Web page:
Jan 26, 2024 - Economy

Why bitcoin has slumped since ETFs

Illustration of a frowning orange emoji glowing like the moon against the night sky.

Illustration: Shoshana Gordon/Axios

Bitcoin's fall following this month's ETF launches has much of the crypto community wondering what happened to "buy the rumor, buy the news"?!

Why it matters: These cries of disappointment show a blindspot in the industry's understanding of how Wall Street picks up new things.

  • It's only been a few days since bitcoin ETFs debuted. As of Day 14, the launch of the nine products has failed to send bitcoin prices to the moon.
  • In fact, bitcoin's price had fallen roughly 20% before turning around early Friday morning.

Yes, but: Don't blame the ETFs.

  • In aggregate, accounting for selling too, they've seen at least a billion dollars rush in.
  • "You can't make the price go down when you're buying," Matt Hougan, Bitwise Asset Management's chief investment officer and ETF expert, told Axios.

The big picture: If anything, blame the hype around ETFs for the lackluster price action in bitcoin.

  • Folks trying to front-run the launch piled in pre-approval and now appear to be unwinding those trades as expectations overestimated short-term bitcoin sales.
  • "I still think it's a 'buy the rumor, buy the news' event, but to see it you need to scale out," Hougan says.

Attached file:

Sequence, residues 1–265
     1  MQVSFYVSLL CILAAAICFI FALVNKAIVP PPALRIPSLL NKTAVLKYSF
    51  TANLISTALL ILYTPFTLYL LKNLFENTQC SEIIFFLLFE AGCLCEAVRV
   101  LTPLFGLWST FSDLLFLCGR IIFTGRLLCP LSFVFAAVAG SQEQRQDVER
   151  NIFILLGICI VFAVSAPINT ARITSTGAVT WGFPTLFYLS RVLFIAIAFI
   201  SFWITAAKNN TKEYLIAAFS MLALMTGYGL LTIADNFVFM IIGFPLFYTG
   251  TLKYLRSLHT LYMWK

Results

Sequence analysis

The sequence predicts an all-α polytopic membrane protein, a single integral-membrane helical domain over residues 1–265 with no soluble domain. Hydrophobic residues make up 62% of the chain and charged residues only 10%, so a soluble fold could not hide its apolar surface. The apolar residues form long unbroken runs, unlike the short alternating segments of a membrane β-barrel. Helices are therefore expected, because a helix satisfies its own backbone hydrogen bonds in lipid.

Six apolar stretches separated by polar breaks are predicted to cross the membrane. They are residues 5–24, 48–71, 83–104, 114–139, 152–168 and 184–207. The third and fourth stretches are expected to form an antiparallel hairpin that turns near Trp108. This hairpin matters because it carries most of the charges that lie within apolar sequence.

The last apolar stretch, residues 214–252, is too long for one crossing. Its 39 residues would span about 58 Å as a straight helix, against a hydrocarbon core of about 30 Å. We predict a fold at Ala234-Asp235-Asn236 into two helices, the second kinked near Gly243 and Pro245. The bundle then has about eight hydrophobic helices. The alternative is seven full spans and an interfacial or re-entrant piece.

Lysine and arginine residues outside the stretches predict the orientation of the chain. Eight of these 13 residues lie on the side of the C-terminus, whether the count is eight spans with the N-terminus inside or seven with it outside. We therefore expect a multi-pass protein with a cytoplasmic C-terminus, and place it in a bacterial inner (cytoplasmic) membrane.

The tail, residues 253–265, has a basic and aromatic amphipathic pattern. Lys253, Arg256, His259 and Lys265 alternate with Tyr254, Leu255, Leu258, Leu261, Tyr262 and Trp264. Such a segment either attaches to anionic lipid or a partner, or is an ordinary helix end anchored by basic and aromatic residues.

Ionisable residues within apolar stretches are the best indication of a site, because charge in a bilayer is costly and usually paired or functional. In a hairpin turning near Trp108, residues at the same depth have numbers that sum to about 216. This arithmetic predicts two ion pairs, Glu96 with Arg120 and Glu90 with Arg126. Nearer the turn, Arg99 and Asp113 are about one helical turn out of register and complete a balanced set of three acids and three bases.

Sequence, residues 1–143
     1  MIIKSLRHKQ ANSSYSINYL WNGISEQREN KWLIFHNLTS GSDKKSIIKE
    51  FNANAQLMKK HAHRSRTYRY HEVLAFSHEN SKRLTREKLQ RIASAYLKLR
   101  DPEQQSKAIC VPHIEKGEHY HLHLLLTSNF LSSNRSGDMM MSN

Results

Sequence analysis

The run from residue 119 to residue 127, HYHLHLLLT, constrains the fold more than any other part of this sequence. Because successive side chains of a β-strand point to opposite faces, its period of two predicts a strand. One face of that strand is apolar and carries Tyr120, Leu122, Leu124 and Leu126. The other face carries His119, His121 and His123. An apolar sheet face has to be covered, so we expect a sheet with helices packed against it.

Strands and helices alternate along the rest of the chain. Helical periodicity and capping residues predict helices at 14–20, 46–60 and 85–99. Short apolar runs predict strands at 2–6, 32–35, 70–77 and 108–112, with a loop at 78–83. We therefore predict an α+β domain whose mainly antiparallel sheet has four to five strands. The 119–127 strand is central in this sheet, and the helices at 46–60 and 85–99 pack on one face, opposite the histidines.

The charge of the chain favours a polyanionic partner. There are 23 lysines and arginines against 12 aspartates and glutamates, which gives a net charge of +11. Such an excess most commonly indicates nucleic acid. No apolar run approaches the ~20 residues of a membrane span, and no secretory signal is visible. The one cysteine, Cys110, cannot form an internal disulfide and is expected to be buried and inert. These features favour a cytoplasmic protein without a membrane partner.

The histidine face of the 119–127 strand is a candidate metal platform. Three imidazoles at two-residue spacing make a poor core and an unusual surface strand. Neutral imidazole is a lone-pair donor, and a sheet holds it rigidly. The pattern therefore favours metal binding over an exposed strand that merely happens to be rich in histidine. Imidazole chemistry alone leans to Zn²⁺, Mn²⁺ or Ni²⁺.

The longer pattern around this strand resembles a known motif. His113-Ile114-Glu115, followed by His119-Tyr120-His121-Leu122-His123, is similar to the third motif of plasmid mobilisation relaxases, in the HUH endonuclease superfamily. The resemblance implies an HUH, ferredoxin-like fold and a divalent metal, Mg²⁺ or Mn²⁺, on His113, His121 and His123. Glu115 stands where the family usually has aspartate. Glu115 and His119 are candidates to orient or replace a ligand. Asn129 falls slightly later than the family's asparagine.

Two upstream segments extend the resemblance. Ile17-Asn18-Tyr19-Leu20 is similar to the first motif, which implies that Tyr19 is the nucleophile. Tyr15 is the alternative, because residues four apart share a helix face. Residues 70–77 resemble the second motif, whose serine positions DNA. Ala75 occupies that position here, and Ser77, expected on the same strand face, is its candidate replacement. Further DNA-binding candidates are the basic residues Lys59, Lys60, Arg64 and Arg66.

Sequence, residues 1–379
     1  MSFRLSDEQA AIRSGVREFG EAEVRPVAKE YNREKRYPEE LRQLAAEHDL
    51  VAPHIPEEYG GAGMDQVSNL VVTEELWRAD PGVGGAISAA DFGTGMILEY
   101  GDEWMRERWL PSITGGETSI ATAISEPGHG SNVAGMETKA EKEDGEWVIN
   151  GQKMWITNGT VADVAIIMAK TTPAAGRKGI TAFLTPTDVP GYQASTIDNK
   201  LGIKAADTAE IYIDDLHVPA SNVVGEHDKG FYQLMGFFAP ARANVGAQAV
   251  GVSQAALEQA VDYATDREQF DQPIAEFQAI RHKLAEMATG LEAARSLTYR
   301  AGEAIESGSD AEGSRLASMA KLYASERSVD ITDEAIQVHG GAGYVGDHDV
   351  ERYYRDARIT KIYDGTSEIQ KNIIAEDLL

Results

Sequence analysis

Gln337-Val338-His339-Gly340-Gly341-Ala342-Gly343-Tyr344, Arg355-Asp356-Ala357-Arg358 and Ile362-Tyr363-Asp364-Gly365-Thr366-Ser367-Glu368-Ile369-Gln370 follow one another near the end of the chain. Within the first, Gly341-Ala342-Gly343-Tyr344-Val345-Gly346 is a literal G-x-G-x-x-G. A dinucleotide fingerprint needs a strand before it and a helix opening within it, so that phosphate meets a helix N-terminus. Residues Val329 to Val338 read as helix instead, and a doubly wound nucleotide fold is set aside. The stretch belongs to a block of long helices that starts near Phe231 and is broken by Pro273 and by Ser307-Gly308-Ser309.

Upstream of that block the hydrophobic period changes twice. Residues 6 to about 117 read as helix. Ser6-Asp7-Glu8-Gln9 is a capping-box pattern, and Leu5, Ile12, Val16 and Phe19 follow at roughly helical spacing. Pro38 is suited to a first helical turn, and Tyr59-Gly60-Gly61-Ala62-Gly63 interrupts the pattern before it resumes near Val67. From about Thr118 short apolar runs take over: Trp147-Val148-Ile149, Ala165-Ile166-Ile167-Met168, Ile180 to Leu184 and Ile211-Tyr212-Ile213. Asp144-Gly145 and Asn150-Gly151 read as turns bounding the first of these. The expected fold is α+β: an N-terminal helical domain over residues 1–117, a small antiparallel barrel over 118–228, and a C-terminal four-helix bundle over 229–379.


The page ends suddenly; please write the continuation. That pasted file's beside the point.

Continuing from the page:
Zoom in: Buying of the new ETF products will likely come in stages.

  • The first wave will bring the traders. The second, registered investment advisers, and the third, the brokerage platforms, Hougan adds.
  • "The long-term buyers of ETFs are financial advisers and institutions, and they don't buy on Day 1."

Between the lines: A single financial adviser sitting in Des Moines might be extremely bullish on bitcoin, but that adviser couldn't simply park his clients' dollars in the new ETFs at launch, Hougan explains.

  • First, they'd have to arrange meetings with clients, talk about whether it belongs in their portfolio and discuss how to execute positions.
  • That doesn't factor in the time it would take to do due diligence on those ETFs, discussions with compliance, Hougan says — and that's the best case in terms of timeline.
  • Most advisers work with a larger shop, which means waiting for that broker-dealer to do their due diligence, including watching how these different new ETFs trade over time, Hougan says.

The latest: Education initiatives for advisors are already underway. BlackRock, one of the ETF issuers, is set to host a webinar Friday afternoon talking "bitcoin access made easy" and "insights from early market activity."

The bottom line: "We haven't felt the real force of ETF buying," Hougan says.

  • The revolution may come yet, but if it does, it will come s l o w ly.
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